Vaginal cancer: Symptoms, Causes, and Treatment

Vaginal cancer is a rare kind of cancer that develops in the vaginal tissue of women. About 2,000 women are affected by vaginal cancer in the United States every year.

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There are two primary types: squamous cell carcinoma and adenocarcinoma.

Vaginal squamous cell carcinoma occurs in the squamous cells that line the vagina. It is the most common type of vaginal cancer.

Vaginal adenocarcinoma arises from the glandular cells in the lining of the vagina that produce some of the vaginal fluids. Adenocarcinoma is more likely to spread than squamous cell cancer.

Symptoms

One of the most common symptoms of late stage vaginal cancer is abnormal vaginal bleeding after sexual intercourse. It is often one of the first symptoms to be noticed. Vaginal bleeding in women after menopause is abnormal and should be examined by a doctor.

Other symptoms might include:

If an individual displays any of these symptoms, they should make an appointment with their doctor right away.

Causes

The exact cause of vaginal cancer remains unknown. However, researchers identified several risk factors for developing vaginal cancer. They include:

  • HPV infection– risk is increased if a woman has contracted the human papilloma virus.
  • Hysterectomy– women who have had a hysterectomy are statistically more likely to get vaginal cancer.
  • A history of cervical cancer– cervical cancer increases risk for vaginal cancer.
  • Age– those aged over 60 are at most risk.
  • Previous radiation treatment– this can sometimes cause an increased likelihood of vaginal cancer.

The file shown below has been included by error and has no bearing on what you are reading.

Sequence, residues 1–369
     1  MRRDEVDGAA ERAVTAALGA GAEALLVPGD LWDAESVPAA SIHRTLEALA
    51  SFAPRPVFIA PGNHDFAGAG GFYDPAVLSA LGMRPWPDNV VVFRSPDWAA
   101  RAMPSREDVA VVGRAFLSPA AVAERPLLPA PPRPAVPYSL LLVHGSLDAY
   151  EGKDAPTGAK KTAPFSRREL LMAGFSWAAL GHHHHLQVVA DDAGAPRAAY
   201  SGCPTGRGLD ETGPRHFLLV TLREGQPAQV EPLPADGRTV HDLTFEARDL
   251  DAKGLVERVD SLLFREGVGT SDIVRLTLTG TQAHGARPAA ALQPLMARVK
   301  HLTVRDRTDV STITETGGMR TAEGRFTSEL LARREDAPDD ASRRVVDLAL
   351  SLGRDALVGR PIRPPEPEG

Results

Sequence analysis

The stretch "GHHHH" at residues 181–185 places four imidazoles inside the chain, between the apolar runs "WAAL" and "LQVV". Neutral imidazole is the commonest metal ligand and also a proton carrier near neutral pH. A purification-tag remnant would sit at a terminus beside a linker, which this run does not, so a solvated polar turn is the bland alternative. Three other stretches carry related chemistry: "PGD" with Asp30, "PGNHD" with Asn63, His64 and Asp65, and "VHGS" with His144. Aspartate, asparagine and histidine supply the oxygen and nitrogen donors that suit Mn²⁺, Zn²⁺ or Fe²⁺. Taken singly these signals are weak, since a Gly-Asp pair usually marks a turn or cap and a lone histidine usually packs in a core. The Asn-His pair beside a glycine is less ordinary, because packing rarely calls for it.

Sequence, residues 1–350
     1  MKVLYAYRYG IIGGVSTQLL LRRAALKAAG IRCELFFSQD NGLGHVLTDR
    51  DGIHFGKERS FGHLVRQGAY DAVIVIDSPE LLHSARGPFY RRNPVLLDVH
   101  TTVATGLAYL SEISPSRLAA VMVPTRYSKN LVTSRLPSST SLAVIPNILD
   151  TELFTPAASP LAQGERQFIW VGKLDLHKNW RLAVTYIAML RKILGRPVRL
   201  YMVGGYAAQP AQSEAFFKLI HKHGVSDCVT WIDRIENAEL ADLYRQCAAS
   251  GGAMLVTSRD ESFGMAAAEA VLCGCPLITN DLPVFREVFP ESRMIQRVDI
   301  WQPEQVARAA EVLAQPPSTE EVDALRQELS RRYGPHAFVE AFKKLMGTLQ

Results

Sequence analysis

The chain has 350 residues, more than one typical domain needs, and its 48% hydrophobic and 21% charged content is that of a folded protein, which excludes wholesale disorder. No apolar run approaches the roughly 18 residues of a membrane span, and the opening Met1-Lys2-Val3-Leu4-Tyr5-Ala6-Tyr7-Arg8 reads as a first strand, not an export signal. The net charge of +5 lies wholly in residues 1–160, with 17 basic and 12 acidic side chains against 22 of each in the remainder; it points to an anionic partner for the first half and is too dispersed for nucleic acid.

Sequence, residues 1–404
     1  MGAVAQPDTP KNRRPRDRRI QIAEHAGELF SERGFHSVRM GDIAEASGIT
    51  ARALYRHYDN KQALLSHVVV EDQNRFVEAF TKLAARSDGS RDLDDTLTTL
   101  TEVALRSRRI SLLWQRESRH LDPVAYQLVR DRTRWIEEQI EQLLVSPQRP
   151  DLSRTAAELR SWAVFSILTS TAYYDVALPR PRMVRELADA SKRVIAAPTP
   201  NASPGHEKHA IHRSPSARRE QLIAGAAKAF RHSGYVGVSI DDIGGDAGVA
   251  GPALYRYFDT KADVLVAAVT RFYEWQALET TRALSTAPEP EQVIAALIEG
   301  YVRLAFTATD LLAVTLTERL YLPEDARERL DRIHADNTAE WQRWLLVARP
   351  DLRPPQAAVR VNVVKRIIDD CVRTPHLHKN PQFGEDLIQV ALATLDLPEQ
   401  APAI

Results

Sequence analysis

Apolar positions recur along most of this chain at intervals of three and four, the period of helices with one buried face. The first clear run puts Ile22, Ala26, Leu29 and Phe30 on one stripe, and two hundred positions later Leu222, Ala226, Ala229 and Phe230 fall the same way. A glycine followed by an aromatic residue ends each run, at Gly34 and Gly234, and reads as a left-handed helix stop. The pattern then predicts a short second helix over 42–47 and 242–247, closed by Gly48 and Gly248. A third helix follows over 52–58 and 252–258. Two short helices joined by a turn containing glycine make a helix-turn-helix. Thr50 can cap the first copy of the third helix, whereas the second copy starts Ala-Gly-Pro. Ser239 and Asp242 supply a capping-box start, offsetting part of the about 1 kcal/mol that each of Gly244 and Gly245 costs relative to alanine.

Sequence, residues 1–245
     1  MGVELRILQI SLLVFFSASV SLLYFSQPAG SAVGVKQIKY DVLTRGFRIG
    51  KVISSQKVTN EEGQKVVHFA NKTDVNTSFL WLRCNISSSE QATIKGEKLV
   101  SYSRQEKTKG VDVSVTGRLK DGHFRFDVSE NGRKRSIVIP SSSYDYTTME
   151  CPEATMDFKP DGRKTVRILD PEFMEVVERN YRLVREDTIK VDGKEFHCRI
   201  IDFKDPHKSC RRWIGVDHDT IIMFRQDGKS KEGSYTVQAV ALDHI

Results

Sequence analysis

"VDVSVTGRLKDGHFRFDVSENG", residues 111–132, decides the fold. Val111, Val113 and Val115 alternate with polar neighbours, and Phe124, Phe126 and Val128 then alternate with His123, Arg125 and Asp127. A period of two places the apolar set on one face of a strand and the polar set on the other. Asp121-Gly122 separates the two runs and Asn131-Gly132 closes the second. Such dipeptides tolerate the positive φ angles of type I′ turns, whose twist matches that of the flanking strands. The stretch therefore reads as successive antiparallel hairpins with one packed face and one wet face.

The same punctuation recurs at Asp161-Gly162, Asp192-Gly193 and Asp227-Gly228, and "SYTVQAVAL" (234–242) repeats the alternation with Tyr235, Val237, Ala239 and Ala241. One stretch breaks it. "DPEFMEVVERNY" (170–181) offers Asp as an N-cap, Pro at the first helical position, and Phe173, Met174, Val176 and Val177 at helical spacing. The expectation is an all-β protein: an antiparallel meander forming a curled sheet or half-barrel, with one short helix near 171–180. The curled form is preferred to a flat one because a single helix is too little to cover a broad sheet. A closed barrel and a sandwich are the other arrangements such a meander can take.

• Use of a vaginal pessary– use of these, such as during pelvic organ prolapse, is associated with an increase in risk.
  • Vaginal intraepithelial neoplasia (VAIN)– these cells are different from normal cells, but not different enough to be classed as cancer cells. Sometimes, these cells can develop into cancer.

Many types of cancer caused by HPV, including vaginal and cervical cancer, are associated with precancerous lesions. These develop before the cancer and can be detected on a Pap smear test.

Diagnosis

Doctors will ask about any symptoms the female might be having, including:

  • medications
  • sexual practices and family history will also be discussed

The examination will include:

  • Pelvic exam – the doctor will look and feel for abnormalities.
  • Pap smear – a test for cervical cancer.
  • Colposcopy (examination of the cervix) – may be carried out if the Pap test was abnormal.

To make a conclusive diagnosis, a biopsy is required. During a biopsy, small tissue samples are taken and studied by a pathologist. Biopsies are commonly carried out during a colposcopy. A local anesthetic is used to ease discomfort and pain. If vaginal cancer is confirmed, several more tests will be completed to determine the stage of the cancer to help in treatment.

Prevention

The best way a woman can reduce her risk factor for developing vaginal cancer is to try to avoid being infected with HPV which is a very common sexually transmitted virus. About 80 percent of sexually active men and women are infected with HPV at some point in their life.

HPV can cause many types of cancer, including cervical cancer. Researchers believe there may be a link between vaginal cancer and HPV.

Other factors that can help prevent vaginal cancer include:

  • Not having sexual intercourse until late teens or older.
  • Avoiding sex with multiple partners.
  • Practicing safe sex (although condoms cannot fully protect against HPV).
  • Having regular Pap tests for early detection and treatment.
  • Stopping smoking, or not starting in the first place.

Treatment

Cancer treatment can involve radiation or chemotherapy. While these are standard methods of treatment in many types of cancer, before any treatment schedule, a patient should understand what to expect, possible side effects, and the risks and benefits of treatment.

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Surgery is sometimes used to remove the cancer, but most patients are treated with radiation. Radiation and chemotherapy are often carried out if the tumor is cervical cancer that has spread to the vagina.

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